Netflix, YouTube, Amazon Instant Video, Hulu, iTunes… movies on demand, TV shows on demand, TV series produced by Amazon and Netflix…
With every passing day, more of the best video is coming to us from the Internet.
Which is fine if you want to gather the family together on movie night and nestle together in front of your laptop. But wouldn’t it be better if you could watch Internet video on your TV?
That, of course, is the burning question that’s heating up the marketplace for set-top boxes: inexpensive add-ons that bring Internet video sources to your TV. Apple makes one, Google makes one, and, as of yesterday, Amazon makes one. (I’m testing that latest entry, the Amazon Fire TV, even now; I’ll review it shortly. You can also read Dan Tynan’s comparison here, or Alyssa Bereznak’s first hands-on impressions here.)
“Set-top box,” of course, is a goofily obsolete term. Our TV sets are now half an inch thick. There’s no way to balance one of these “set-top boxes” on top of the set, at least not without a lot of duct tape.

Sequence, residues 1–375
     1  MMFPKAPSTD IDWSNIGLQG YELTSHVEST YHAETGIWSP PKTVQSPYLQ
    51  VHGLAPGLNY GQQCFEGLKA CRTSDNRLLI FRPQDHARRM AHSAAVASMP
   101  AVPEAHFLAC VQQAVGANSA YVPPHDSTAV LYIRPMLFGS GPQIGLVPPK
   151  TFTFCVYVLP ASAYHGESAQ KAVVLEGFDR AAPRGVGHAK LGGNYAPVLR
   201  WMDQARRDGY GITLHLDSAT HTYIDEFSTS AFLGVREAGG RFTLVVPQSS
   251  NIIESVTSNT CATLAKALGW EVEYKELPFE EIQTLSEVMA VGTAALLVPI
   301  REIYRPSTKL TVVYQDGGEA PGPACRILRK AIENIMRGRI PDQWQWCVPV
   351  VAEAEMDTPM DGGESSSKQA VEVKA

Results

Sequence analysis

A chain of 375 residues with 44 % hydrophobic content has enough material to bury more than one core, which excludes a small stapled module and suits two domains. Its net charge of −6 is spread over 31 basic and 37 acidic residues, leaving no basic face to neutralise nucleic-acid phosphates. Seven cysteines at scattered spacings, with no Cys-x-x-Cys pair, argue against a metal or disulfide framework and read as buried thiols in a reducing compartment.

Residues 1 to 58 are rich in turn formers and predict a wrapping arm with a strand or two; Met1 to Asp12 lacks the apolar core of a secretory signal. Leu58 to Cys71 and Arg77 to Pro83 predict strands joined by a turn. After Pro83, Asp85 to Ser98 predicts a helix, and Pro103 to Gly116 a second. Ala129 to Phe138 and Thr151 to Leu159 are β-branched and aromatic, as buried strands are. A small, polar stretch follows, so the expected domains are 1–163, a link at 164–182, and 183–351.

Maybe that’s why, last year, Roku — another maker of popular Internet-video boxes — tried a radical new shape: the stick. Its 2013 Roku Streaming Stick looked a lot like a USB flash drive. It plugged directly into the back of the TV, adding no clutter and neatly solving the set-top problem. Unfortunately, it required a new, special kind of jack that Roku hoped TV manufacturers would start adding to their TVs.
They didn’t. No surprise, really.
Then Google came along with its Chromecast stick, which is exactly the same idea except that it plugs into your TV’s HDMI jack — a standard connector that every HDTV has. At only $35, it’s become a hit.
Getting it mostly right
That’s the long, winding background you need to appreciate Roku’s new effort, the Roku Streaming Stick, Take II (that’s what I call it). It no longer requires a special TV with a special jack. It plugs into any HDMI jack and brings the world of Internet video to your TV. And it costs only $50.
That’s $15 more than the Google Chromecast, but the Roku comes with a lightweight, responsive remote control. The Chromecast requires you to use your phone or tablet as the remote, which isn’t as handy.
(My one beef with the Roku remote: Roku has fitted it with dedicated buttons to four services. Two of them are Netflix and Amazon Video. Good! The other two are streaming sites you’ve probably never heard of: Blockbuster (it’s back!) and M-GO (a newer service that Roku is heavily promoting).